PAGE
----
November 28, 2021

The watch is an instrument of timekeeping and, more generally, of measuring the spend time. It essentially consists of an engine, an energy transmission and control system as well as a real time indicator, the dial. From pendulum clocks to solar-powered models, in many epochs the clock has gone beyond the meaning for which it was designed - that of recording the passage of time - becoming a status symbol, decoder of the habits and customs of different peoples and of different generations.


The need to measure the passage of time was felt since ancient times. The simplest possible tool was the sundial, consisting at least of a pole driven into the ground, the use of which is documented in China starting from the third millennium BC. The Stonehenge complex is believed to be an astronomical device for determining the moment of the equinoxes. Until the measurement of time took place with the sundials, the prevailing subdivision of time was that in which the hour was the twelfth part of the diurnal cycle, from sunrise to sunset. It was therefore longer in summer and shorter in winter. The main disadvantage of the sundial is that it does not work at night or on cloudy days. For this reason, alternative clocks were developed, based on the regular progression of events. The water hourglass, for example, is a simple device based on the regular flow of water from a perforated container. The use of water hourglasses by the Egyptians is documented in the 15th century BC. In Greece they were used to mark the duration of competitions, games, guard shifts and also to control the length of depositions in court. In the third century BC in Greece the water hourglass was perfected into more modern models in which water flowed between two connected containers. Water clocks equipped with a mechanical timekeeping system were also created: the most famous is the Tower of the Winds in Athens, significantly formerly called horologion. During the Middle Ages the first mechanical clocks were invented: within half a century, at the beginning of the fourteenth century, many city bell towers were equipped with clocks. We can remember those of: Paris, Milan, Florence, Forlì, etc. In the 18th century, John Harrison built the first spring-loaded clocks that were quite accurate and reliable but, above all, capable of working aboard a ship. This allowed their use to calculate longitude solving one of the most serious navigation problems of that time.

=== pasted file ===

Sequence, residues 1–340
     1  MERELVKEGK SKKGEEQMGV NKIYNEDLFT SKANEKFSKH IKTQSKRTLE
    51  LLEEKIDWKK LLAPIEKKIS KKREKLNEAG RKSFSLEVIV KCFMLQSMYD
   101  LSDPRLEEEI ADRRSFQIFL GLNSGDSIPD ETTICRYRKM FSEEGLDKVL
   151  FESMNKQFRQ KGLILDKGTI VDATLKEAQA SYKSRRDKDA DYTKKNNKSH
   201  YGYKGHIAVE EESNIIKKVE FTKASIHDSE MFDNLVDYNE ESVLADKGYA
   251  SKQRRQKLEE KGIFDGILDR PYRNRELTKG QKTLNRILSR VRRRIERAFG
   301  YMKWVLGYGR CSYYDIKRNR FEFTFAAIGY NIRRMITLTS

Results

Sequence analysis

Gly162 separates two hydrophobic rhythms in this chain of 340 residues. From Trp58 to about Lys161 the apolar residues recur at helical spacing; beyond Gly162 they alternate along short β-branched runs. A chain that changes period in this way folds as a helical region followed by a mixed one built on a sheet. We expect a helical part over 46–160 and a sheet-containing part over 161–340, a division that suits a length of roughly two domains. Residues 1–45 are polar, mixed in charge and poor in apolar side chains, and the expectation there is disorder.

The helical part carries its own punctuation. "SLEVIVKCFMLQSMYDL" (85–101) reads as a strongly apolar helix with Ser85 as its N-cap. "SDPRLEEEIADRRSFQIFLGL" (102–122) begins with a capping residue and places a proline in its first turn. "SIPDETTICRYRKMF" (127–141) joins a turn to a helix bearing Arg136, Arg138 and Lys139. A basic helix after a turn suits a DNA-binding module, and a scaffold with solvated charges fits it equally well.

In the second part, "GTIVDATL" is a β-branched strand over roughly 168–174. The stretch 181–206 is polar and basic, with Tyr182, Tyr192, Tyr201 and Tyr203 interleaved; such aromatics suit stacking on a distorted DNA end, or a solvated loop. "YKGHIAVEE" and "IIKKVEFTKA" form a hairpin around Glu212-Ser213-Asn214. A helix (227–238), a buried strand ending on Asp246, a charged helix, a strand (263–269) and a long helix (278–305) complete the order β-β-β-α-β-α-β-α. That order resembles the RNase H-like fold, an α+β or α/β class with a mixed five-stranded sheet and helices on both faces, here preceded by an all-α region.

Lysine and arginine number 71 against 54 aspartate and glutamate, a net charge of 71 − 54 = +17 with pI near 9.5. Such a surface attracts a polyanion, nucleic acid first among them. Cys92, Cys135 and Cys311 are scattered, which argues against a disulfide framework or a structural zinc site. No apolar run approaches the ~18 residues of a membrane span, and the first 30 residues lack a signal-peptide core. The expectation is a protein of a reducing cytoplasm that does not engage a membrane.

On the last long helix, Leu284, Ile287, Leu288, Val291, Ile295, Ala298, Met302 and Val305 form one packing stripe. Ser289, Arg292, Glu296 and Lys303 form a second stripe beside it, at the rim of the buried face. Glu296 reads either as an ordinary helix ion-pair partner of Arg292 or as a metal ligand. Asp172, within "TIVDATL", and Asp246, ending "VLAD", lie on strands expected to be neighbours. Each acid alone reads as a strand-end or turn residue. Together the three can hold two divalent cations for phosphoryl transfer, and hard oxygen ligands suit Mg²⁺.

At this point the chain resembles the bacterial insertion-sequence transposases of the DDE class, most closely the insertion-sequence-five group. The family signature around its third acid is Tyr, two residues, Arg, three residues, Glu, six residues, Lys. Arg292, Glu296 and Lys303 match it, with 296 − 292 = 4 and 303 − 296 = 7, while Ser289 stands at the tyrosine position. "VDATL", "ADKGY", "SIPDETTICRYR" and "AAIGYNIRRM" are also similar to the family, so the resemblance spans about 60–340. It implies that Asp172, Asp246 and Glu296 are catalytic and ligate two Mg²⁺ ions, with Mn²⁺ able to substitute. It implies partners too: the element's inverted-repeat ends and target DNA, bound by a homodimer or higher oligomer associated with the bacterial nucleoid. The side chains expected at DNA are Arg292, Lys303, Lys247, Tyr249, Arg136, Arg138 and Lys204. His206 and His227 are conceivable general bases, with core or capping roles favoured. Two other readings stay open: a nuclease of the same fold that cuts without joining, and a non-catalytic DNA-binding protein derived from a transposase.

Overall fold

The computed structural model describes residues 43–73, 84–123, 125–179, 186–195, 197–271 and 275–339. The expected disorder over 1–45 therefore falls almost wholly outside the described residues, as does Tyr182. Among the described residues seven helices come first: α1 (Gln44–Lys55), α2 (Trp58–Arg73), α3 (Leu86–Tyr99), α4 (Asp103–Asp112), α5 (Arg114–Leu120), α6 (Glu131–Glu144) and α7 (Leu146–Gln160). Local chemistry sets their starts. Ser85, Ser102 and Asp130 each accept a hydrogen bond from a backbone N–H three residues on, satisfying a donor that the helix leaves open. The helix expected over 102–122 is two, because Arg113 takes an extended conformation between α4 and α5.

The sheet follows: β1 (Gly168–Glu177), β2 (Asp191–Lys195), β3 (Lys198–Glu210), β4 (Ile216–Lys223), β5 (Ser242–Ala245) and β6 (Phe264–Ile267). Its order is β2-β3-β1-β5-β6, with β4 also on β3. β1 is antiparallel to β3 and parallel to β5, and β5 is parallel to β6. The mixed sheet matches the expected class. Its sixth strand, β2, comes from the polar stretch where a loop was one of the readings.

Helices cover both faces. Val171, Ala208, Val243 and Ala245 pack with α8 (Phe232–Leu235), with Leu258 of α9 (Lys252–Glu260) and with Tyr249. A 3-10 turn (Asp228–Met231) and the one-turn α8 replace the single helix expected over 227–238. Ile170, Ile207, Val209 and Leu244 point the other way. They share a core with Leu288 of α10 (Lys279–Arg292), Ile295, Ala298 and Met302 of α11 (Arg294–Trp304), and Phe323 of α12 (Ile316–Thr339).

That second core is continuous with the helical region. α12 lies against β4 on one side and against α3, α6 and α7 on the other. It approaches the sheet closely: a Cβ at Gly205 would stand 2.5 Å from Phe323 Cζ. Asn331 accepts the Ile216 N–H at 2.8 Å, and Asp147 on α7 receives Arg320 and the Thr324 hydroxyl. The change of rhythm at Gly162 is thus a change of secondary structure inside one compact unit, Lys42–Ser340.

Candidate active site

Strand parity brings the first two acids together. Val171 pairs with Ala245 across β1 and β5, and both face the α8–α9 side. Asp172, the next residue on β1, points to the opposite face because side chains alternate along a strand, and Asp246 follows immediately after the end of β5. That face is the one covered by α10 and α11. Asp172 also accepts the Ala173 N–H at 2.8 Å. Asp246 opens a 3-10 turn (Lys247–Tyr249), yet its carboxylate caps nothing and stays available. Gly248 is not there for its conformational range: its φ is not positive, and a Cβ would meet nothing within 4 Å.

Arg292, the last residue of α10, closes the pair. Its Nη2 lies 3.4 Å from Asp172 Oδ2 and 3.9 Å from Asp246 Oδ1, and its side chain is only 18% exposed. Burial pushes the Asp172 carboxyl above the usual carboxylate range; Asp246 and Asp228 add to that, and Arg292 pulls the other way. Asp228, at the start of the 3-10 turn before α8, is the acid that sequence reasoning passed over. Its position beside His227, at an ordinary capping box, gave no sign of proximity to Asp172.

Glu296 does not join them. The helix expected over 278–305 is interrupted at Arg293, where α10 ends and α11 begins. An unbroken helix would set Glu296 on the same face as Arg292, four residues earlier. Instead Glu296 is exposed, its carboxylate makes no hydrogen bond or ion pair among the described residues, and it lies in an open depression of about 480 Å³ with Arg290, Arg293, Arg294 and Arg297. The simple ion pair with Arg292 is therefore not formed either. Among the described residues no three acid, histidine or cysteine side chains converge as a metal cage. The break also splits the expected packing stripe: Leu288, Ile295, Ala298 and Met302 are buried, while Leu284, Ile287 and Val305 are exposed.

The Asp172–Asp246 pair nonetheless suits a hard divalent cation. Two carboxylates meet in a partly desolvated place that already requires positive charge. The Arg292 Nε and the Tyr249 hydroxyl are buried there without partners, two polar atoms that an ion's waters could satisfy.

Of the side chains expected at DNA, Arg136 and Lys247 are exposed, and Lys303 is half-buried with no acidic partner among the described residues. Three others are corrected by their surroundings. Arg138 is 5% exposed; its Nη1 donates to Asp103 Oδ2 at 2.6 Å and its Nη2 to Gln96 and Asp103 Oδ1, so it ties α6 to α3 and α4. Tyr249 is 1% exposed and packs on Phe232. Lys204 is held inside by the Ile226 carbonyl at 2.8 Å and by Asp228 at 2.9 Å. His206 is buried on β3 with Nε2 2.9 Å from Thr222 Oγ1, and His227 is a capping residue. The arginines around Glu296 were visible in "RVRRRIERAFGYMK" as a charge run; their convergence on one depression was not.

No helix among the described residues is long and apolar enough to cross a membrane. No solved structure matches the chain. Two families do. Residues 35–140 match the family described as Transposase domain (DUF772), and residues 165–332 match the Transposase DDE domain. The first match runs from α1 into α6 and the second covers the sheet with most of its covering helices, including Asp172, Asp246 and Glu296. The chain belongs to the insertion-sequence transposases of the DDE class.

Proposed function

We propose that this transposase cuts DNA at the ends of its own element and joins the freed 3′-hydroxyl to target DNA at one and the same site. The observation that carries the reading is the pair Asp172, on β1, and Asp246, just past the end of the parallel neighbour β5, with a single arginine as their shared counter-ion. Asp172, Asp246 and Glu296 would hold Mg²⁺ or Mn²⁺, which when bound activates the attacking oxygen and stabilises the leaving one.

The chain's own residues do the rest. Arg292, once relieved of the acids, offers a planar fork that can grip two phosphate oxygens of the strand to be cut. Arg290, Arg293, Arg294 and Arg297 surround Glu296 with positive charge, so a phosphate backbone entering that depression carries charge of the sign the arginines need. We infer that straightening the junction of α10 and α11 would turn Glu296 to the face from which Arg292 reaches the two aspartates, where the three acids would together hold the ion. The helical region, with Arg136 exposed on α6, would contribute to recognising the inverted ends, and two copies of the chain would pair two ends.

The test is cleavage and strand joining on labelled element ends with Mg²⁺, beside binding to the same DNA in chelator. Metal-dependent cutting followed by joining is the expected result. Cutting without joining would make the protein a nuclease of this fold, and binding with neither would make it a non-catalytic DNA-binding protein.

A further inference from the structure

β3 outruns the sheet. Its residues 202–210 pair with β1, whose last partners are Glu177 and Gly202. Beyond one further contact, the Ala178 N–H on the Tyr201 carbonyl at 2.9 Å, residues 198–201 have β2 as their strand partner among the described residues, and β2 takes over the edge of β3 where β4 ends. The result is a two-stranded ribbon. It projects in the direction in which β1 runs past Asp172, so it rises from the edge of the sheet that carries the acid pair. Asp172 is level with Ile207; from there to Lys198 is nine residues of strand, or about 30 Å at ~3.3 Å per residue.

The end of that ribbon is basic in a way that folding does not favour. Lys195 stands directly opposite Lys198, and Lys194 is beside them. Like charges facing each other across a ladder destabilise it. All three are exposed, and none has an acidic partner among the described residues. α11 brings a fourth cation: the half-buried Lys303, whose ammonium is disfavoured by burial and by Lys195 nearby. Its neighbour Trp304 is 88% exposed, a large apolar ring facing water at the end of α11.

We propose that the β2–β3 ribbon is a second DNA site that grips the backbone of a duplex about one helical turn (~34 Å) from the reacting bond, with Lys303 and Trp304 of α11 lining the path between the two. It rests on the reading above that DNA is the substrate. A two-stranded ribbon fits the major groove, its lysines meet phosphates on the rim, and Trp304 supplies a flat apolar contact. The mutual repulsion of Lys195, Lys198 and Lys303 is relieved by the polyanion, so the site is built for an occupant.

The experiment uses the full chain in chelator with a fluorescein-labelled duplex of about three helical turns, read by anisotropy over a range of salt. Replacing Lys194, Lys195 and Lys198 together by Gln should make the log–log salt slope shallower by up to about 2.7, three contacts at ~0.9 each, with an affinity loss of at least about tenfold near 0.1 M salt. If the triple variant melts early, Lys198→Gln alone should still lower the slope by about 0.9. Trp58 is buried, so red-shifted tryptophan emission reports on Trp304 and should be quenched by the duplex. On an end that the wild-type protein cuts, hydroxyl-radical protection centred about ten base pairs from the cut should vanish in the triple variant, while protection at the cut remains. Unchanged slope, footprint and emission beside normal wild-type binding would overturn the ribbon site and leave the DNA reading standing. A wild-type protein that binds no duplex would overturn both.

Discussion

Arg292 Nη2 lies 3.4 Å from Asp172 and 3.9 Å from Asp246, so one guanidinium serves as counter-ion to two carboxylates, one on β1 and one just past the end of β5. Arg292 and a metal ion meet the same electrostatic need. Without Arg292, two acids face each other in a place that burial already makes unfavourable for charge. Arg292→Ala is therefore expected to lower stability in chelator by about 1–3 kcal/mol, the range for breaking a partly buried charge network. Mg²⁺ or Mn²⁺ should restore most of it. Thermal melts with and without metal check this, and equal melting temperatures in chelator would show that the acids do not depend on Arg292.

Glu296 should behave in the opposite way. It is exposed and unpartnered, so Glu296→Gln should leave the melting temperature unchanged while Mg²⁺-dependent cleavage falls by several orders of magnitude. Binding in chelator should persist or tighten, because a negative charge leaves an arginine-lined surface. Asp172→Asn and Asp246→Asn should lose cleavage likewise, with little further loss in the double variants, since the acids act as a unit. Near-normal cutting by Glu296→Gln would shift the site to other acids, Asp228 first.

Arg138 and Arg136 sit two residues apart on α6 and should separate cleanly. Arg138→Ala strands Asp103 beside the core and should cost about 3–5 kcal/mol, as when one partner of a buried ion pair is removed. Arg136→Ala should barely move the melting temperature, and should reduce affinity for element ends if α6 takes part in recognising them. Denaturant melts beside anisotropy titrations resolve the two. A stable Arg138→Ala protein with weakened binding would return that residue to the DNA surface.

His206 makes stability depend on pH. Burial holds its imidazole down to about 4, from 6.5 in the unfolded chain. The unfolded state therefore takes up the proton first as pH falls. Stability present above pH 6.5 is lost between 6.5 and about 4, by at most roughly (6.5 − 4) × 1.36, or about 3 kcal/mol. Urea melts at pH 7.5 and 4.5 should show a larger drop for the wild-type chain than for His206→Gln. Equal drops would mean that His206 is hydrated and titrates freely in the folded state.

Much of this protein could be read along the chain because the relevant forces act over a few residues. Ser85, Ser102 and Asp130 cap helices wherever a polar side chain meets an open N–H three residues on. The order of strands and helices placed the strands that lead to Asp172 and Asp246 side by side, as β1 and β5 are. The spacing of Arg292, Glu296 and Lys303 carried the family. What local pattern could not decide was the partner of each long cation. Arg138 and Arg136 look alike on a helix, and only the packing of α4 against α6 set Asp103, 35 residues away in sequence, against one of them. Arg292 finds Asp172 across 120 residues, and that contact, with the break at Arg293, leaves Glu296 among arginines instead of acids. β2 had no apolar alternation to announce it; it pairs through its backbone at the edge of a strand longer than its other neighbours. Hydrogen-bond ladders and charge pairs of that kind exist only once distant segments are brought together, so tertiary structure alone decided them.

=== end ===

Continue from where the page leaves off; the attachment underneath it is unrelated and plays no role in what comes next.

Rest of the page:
Artistic watchmaking

The clock, as an object of common use, has often assumed an important artistic and symbolic value. From the very beginning of watchmaking, the cases were more or less richly decorated, and sometimes the interior was too, to enhance the charm of precision mechanics. The table clocks could be contained in precious materials, gold, silver, bronze, lacquered and inlaid caskets, while the clocks were enclosed in refined decorated wooden furniture, with a glass window that highlighted the movement of the pendulum. Tower clocks were no exception. A formidable example is the famous clock in Piazza San Marco in Venice, built starting in 1493 by Giancarlo Ranieri. At the stroke of the hours, two mechanical statues (called Mori for the dark color due to the material) bow to the Madonna and strike the bells with a hammer. In addition to the time, it also indicates astronomical information such as the position of the planets, moon phases, the position of the sun in the zodiac. The building that contains it and the refined quadrant, 4.5 meters in diameter, are also valuable. The current mechanism derives from restorations carried out in the 18th century. Another important clock, famous for being the largest astronomical clock in the world, is the one kept in ca.

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